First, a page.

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Southern New England & Native Americans

Southern New England was the home to a complex civilization when some of the first European settlers to the New World came to the area that is southern and eastern Massachusetts, the eastern part of New Hampshire, Rhode Island and most of Connecticut. Although there were regional differences throughout this area caused by differences in the environment as well as by the inevitable differentiation of people into subcultures, this region was unified by what can be viewed into a single cultural group. That culture -û along with the lives of individual American Indians -û would be in large measure destroyed during the 17th century as their culture came into conflict with that of the Europeans.

This paper takes as its focus the culture of the Native Americans of Southern New England and also why it was so terribly disrupted by European settlement. Another way of looking at this last issue is to say that this paper examines what made this region attractive to the Europeans who would superimpose their culture on the area. Finally, the paper examines how the final outcome of European settlement in this area was the result of the traditional native settlement patterns and the ways in which these interacted with the specific goals of the Europeans.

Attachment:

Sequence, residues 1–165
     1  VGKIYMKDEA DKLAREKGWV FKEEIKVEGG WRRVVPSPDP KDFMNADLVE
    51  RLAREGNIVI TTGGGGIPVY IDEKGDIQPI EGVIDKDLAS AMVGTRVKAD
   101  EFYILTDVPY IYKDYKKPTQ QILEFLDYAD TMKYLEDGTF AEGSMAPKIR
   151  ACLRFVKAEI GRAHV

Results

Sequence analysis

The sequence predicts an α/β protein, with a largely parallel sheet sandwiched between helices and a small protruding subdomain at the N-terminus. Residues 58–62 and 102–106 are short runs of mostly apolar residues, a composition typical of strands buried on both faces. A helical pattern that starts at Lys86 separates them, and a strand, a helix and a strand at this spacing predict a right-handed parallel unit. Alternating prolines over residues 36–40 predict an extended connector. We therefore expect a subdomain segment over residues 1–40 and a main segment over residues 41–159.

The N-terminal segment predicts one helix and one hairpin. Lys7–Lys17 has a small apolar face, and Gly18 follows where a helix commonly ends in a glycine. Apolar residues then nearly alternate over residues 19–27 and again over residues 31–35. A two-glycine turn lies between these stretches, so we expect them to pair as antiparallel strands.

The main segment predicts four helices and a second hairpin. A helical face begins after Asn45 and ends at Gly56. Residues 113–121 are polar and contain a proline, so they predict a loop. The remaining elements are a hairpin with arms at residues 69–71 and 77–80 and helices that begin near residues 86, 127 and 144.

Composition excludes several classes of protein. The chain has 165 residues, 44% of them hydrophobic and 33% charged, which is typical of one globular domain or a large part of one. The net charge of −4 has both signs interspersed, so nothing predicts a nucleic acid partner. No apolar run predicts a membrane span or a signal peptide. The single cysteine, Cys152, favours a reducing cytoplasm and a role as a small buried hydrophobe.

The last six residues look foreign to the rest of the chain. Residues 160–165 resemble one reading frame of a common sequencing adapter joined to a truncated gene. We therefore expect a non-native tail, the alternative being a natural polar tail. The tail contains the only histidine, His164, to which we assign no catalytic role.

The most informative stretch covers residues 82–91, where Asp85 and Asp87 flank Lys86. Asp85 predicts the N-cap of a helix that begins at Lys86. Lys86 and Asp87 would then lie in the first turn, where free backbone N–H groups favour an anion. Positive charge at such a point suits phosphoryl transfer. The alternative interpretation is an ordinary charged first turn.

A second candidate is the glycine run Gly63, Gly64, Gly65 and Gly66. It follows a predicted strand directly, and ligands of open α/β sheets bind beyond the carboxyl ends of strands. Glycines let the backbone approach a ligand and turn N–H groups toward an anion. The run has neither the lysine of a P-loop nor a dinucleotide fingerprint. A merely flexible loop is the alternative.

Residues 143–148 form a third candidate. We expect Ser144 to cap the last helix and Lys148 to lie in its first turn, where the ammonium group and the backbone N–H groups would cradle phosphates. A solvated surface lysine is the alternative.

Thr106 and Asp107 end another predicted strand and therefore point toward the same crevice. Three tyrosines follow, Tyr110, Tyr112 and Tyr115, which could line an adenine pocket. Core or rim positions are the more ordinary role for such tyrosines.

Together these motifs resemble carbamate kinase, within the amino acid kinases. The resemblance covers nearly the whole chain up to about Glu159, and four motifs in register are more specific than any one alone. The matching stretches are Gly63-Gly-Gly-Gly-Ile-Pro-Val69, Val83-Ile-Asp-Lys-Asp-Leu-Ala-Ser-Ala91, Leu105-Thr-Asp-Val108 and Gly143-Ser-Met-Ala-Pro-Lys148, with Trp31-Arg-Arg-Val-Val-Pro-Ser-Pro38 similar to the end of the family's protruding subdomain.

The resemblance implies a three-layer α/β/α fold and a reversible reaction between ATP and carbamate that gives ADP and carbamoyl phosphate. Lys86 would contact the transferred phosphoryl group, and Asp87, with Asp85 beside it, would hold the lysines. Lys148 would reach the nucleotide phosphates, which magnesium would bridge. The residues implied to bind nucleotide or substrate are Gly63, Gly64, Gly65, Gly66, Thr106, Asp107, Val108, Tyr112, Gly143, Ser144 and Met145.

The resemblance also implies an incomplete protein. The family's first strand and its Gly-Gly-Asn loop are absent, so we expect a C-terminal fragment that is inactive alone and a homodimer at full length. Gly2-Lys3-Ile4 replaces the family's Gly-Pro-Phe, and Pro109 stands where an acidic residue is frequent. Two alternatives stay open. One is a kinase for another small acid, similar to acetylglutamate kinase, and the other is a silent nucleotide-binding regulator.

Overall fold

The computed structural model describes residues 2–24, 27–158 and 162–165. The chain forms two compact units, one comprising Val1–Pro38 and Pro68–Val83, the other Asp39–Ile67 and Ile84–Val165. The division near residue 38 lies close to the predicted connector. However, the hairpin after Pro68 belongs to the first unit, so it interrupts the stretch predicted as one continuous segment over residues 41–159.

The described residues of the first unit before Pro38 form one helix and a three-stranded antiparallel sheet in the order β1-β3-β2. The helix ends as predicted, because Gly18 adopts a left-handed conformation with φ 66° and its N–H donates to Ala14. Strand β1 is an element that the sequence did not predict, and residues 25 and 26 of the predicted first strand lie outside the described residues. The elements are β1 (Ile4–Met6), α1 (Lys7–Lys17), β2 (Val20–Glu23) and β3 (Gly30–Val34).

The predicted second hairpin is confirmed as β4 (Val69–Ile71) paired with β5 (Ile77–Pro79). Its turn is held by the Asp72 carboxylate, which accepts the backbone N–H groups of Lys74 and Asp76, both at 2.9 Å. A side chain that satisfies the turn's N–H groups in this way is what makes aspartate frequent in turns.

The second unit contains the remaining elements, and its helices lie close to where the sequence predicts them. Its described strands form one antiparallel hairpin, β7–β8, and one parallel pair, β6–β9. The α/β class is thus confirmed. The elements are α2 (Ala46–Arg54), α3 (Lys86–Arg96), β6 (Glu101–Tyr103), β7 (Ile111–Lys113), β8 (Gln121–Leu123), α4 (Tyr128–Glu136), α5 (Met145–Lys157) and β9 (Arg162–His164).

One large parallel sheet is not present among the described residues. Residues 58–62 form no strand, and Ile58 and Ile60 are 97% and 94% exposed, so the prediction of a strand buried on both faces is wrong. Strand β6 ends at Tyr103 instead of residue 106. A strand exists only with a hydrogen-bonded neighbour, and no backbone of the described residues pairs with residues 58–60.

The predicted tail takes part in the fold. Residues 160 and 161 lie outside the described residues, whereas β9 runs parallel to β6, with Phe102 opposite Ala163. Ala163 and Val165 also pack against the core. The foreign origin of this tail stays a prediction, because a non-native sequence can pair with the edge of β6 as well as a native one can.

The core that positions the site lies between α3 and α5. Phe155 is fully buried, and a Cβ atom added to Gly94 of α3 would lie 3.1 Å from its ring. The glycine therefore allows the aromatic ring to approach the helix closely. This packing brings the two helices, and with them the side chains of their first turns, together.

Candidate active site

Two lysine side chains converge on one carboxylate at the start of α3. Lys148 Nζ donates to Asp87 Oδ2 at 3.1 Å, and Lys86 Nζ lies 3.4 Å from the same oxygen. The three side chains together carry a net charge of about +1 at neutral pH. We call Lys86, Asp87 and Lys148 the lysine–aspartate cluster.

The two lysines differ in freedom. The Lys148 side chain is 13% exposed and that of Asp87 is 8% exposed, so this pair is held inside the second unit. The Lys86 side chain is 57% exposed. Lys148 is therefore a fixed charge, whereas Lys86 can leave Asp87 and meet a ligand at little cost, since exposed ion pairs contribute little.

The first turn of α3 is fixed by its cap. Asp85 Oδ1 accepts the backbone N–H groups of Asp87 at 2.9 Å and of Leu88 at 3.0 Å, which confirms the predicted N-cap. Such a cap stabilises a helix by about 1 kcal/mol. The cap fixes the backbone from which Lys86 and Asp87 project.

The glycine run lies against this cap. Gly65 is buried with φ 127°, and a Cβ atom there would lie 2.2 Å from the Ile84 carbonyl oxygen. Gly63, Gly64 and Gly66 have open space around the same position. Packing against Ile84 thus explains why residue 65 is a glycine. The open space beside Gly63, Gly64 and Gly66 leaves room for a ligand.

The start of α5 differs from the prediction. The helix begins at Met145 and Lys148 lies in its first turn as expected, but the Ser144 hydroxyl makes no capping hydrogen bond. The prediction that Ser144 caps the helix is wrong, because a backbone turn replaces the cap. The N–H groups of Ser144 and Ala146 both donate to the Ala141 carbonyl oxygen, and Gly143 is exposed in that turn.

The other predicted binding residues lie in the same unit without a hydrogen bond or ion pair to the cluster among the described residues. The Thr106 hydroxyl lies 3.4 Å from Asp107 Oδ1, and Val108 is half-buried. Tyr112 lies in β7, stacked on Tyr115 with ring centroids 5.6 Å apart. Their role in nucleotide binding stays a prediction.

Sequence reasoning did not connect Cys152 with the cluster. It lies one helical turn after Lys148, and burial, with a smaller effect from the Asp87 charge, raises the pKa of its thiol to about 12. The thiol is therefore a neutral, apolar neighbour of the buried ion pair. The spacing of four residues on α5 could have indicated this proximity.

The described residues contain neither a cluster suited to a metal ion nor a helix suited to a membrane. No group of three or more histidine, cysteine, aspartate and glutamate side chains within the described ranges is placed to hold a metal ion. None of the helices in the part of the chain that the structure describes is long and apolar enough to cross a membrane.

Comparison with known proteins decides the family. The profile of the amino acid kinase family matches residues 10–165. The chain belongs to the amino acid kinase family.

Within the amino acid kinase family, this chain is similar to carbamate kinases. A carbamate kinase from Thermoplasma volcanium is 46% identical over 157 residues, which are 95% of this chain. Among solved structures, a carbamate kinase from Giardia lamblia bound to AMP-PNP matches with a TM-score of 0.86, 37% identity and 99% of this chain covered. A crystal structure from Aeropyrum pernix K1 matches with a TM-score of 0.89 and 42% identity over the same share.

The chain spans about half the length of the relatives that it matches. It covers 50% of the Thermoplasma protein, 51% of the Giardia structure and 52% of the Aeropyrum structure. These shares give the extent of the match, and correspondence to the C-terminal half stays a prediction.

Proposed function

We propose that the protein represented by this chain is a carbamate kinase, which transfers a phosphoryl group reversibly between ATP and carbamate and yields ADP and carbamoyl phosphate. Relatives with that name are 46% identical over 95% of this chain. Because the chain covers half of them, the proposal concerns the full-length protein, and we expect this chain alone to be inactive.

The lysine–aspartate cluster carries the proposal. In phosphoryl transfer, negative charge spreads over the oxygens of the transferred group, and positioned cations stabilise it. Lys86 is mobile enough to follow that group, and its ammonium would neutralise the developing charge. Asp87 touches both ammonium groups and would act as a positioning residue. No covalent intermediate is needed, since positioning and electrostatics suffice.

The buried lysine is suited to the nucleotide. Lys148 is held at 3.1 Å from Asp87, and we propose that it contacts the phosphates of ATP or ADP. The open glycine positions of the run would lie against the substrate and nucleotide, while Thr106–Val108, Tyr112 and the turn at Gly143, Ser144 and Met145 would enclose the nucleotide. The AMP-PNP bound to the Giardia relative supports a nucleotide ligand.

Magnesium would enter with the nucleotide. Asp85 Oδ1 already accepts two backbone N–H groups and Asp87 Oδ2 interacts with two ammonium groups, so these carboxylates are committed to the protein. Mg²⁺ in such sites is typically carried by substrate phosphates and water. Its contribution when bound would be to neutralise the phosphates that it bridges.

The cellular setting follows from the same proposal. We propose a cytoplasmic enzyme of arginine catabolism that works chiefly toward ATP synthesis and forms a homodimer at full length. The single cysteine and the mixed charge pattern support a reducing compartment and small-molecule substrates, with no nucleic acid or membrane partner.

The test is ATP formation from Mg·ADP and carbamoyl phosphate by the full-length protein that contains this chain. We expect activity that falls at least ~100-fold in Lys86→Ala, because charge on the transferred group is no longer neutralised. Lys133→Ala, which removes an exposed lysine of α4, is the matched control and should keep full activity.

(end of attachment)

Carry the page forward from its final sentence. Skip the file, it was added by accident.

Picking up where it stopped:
It should be noted before an examination of the particulars of the fate of the Indians of this region that the process by which Europeans came to take possession of land and other natural resources in America is generally seen as simply the application of force and superior weaponry to the lives and property of natives, in fact the process was more complex. While the outcome for the Indians was undeniably a terrible one, they were at least sometimes and in some aspects at least relatively willing partners in their own displacement. The fate of the Indians in Southern New England (as well as in at least some other areas of the United States) had both to do with the structure of Native American ...

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Southern New England & Native Americans. (1969, December 31). In Retrieved 22:46, May 24, 2020, from